Determinants of Daytime Sleepiness in Obstructive Sleep Apnea: Discussion

Surprisingly, in this large OSAS patient population, we were unable to correlate the repetitive Sa02 drops, obesity, and to an extent the apneas, with the different degrees of daytime sleepiness measured by our MSLT. Several reasons for these findings, which follow here, can be considered.
Sensitivity of the Test
Perhaps our test was not sensitive enough. Historically, there has been disagreement over the mean MSLT score that would indicate abnormal daytime sleepiness. While in middle-aged adults a mean MSLT score >10 min undoubtedly indicates normalcy,2 a mean MSLT score <10 min also may be normal, depending on the age of the subject. Van den Hoed et al studied 100 patients (excluding those with sleep apnea) referred to a sleep clinic for suspicion of daytime sleepiness.

Clinical symptoms, polysomnographic variables, and the Minnesota Multiphasic Personality Inventory were analyzed. Narcoleptic patients had a mean ±standard deviation (SD) MSLT score of 3.3±3.3 minutes, 83 percent with a score F5 min. Patients diagnosed with central nervous system (CNS) hypersomnia syndrome who took a daily nap had a mean score of 6.5 ±3.9 min, and a new analysis of these data indicated that 81 percent had a score F8 min. In a more recent study, 50 CNS hypersomniacs had a mean MSLT score of 6.3 ±3.5, and 88 percent had a mean score of F8 min. Van den Hoed and his colleagues concluded that, as with any test in medicine, a “grey zone” existed in the MSLT, where mean scores between eight and ten min were recorded. No in-depth study has been done to identify the factors that would better define the limits of this two-minute zone as a function of age, body mass, etc. However, the MSLT has been sensitive enough to discriminate between diverse degrees of daytime somnolence in sleep deprivation or sleep fragmentation protocols, including many pharmacologic investigations. Clinical reports of severe somnolence have always been associated with MSLT scores <5, as in our population. Here, however, we cannot explain MSLT scores by differences in Sa02 drops, obesity, or, to some degree, RDI. One may speculate that the effect of obesity on lung function, as evaluated by lung volume variation or upper airway resistance, may have brought more discriminative power to the analysis, as more quantitative information on respiratory efforts would have been investigated.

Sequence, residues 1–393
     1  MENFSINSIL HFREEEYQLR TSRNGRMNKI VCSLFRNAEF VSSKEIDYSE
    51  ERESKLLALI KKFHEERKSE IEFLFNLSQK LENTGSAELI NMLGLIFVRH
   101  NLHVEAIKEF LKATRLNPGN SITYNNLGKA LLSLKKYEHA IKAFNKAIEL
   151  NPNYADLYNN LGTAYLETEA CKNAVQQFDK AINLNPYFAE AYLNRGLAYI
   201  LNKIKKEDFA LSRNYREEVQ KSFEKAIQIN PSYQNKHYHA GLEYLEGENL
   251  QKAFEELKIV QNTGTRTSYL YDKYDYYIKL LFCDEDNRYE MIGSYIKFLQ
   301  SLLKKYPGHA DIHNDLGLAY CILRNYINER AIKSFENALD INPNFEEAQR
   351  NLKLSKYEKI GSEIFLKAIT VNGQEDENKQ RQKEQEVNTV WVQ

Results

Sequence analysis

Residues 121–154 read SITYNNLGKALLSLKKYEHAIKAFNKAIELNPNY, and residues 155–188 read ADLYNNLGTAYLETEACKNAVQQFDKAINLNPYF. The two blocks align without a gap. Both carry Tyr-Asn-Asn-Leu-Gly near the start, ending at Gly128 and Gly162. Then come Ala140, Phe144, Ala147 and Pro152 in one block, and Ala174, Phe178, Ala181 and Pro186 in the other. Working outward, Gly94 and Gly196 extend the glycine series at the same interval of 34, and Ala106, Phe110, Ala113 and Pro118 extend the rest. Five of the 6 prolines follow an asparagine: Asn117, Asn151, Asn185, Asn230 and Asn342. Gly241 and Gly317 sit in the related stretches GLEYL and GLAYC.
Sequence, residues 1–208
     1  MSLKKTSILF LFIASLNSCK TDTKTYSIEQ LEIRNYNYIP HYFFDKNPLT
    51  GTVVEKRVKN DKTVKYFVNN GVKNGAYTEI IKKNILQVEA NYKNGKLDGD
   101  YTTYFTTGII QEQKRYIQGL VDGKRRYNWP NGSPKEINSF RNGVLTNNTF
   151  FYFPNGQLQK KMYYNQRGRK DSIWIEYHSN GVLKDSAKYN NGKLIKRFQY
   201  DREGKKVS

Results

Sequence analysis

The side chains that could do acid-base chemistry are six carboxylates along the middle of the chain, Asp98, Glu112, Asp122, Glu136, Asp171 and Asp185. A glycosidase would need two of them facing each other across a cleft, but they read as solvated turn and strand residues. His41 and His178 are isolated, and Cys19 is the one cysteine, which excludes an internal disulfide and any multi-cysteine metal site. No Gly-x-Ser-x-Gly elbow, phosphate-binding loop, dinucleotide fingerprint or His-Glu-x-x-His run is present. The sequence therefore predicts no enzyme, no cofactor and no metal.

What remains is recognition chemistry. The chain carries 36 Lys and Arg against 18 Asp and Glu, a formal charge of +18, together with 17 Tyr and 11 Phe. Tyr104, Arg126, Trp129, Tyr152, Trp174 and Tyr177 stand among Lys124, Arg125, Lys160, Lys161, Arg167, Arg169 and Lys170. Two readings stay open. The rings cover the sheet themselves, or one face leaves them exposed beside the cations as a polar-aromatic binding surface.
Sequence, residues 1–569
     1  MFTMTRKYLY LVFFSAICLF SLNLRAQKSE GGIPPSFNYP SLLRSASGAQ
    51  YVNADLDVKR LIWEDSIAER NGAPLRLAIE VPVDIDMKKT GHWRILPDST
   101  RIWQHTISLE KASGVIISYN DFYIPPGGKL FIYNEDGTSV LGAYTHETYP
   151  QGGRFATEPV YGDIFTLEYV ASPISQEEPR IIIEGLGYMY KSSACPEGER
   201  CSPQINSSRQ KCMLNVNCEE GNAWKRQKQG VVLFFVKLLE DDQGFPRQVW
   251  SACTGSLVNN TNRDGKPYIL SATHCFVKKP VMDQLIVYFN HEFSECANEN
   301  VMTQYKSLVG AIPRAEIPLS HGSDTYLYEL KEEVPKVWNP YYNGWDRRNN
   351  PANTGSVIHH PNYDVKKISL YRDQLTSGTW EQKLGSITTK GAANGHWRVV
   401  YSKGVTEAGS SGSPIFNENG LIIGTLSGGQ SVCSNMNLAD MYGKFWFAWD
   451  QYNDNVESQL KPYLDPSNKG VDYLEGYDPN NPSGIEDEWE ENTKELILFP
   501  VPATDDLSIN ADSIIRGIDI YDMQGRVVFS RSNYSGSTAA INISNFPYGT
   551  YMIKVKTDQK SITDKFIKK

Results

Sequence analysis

This entry was posted in Sleep Apnea and tagged daytime sleepiness, obstructive sleep apnea, respiratory.